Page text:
Wind-driven rain drives damage costs


Feature

New research by James Cook University’s Cyclone Testing Station has identified a simple and easy to install mitigation initiative could prevent major damage to homes caused by wind-driven water ingress.

The new report commissioned in partnership by Suncorp and IAG, analysed strata and house property claims from Tropical Cyclones Marcia and Debbie to investigate potential mitigation measures to make homes in North Queensland more resilient. 

The report revealed 70 per cent of strata property claims examined included damage caused by water ingress, despite the majority of properties withstanding severe structural damage. 

David Henderson from the Cyclone Testing Station said the insights are beneficial for everyone living in cyclone-prone areas.

“Wind-driven rain is likely to enter through weep holes or gaps around window seals or doors, under missing or damaged flashings and gutters, or through eaves – features relevant to all properties,” Mr Henderson said. 

“The water damage was largely caused to plasterboard wall linings and ceilings, floor coverings, electricity wiring, cabinetry and personal items - damage ranged from two to 60 per cent of total claim costs. 

“Of the residents who reported minimal or no water damage via windows, was inbuilt seals blocking weep holes, a useful learning for residents and the building sector.” 

A Wind Driven Rain Simulator (WDRS) was used to mimic real life wind-driven rain conditions to determine the most cost-effective measures for home owners to reduce water ingress.

“After testing several solutions, we found a cheap and easy way for homeowners to fend off water coming in through windows and sliding doors - a strip of plastic sheet taped on the inside of the window. The plastic sheet increased the height of the window sill, caught the water and allowed it to drain via the weep holes,” Mr Henderson said.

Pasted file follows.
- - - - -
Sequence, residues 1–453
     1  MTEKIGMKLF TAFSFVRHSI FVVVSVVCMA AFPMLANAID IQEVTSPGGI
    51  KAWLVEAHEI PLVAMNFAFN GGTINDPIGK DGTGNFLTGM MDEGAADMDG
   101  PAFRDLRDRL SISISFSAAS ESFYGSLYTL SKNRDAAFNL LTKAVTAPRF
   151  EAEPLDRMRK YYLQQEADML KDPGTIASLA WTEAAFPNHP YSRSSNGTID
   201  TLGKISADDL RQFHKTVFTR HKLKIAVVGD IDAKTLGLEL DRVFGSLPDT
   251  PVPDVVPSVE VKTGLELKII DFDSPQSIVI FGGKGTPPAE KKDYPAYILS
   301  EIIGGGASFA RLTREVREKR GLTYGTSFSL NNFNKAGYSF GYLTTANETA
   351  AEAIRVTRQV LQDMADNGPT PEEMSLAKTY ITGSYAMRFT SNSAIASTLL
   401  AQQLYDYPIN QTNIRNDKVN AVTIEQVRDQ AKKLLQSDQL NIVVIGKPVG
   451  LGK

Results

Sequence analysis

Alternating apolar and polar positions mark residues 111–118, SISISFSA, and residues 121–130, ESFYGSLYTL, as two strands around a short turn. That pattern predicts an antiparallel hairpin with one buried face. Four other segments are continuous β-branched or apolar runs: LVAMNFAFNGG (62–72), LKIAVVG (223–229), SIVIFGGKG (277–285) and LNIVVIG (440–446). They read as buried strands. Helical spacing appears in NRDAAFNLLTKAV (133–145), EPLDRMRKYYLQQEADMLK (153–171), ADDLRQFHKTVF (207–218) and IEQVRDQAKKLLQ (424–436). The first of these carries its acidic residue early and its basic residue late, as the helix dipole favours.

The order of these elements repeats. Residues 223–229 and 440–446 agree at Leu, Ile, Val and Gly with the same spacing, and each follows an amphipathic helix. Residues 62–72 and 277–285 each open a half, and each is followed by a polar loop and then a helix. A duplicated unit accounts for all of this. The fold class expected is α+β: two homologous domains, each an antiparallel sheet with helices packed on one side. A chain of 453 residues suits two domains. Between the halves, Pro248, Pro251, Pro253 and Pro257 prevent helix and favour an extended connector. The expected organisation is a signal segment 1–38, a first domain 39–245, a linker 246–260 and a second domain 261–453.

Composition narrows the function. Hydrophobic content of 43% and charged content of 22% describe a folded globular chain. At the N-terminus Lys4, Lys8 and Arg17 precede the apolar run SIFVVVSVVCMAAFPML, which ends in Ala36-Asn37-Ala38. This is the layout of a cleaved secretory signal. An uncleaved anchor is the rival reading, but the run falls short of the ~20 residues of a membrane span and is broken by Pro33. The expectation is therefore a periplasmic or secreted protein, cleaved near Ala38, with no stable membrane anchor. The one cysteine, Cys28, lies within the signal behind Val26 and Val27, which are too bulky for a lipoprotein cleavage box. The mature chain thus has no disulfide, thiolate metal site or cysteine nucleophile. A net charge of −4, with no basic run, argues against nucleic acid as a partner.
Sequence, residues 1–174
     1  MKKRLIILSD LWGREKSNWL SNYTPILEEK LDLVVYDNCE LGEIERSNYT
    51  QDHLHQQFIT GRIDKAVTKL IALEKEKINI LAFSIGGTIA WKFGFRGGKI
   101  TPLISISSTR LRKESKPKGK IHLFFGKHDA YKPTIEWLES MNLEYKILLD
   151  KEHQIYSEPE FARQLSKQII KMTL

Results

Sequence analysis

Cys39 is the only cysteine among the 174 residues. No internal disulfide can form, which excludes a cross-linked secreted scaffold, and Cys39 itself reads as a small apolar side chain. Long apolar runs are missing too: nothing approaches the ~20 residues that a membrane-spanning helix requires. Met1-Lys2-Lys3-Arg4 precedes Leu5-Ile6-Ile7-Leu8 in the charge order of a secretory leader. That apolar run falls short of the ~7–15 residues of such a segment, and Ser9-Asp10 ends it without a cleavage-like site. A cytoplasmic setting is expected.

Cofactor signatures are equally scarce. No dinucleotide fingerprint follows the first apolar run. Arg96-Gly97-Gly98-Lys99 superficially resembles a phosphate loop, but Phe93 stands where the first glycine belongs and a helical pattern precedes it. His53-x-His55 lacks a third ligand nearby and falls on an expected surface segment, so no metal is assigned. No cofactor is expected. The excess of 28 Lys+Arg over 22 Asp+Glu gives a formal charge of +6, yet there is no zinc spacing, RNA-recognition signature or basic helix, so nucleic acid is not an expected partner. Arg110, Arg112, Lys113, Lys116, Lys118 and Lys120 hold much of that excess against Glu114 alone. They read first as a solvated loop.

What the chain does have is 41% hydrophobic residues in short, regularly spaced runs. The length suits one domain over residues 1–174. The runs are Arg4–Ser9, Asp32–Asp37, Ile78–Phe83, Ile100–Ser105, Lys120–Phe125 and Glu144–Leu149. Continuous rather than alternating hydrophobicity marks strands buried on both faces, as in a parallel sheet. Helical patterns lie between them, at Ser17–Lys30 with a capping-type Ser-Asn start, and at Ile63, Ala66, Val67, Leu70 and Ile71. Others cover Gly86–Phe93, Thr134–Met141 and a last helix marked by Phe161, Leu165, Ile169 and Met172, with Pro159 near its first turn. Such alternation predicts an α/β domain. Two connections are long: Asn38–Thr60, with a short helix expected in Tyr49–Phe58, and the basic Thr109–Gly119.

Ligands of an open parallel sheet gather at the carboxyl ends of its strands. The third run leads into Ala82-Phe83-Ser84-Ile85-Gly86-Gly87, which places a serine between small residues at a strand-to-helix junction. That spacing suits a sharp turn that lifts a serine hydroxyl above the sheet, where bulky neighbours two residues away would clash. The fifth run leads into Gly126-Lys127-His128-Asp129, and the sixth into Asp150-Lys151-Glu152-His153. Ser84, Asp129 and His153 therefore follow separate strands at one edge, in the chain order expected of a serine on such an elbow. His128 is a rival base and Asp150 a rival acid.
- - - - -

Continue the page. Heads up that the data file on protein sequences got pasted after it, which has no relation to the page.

Suncorp CEO Insurance, Gary Dransfield said the rain cyclones bring can be extreme and damaging to home and communities.  

Water can wreak havoc in a cyclone - past events have found buildings that appeared visibly fine disguised significant interior damage caused by wind-driven rain throughout the home,

Gary Dransfield, Suncorp CEO Insurance

“These insights are a call to action for residents about the importance of home maintenance and pre-cyclone preparations. It’s also why we need to be extra vigilant in how we design and build homes, and unit blocks.”

Mr Dransfield said preparation and home mitigation is the best way for people to prepare themselves, their loved ones and their homes against cyclones

“Now is the time for communities living in cyclone-prone regions to complete a thorough inspection of their property for any structural issues like cracked roof tiles or broken veranda posts, and non-structural elements like sealant around window sills.” 

IAG Executive General Manager Short Tail Claims, Steve Fitzpatrick, said this simple mitigation initiative can not only help reduce the physical and financial costs of natural disasters, but the social and emotional impacts as well.

“Extreme weather events such as cyclones, can be a frightening and devastating experience for people and communities and the economic, social and emotional impacts can be long lasting,” Mr Fitzpatrick said.

“Our priority is always the safety of our customers before, during and after a natural disaster or severe weather event and this includes identifying mitigation initiatives to help reduce the risks they face and ensure they’re better prepared and protected should they be impacted in the future.

“The Cyclone Testing Station has identified a simple and effective measure to help protect peoples’ homes and I’d urge residents in cyclone prone regions to make sure they – and their neighbours, make it part of their storm season preparations.”  

Will it leak?

Will it leak?

A Wind Driven Rain Simulator (WDRS) was used to mimic real life wind-driven rain conditions to determine the most cost-effective measures for home owners to reduce water ingress during a cyclone.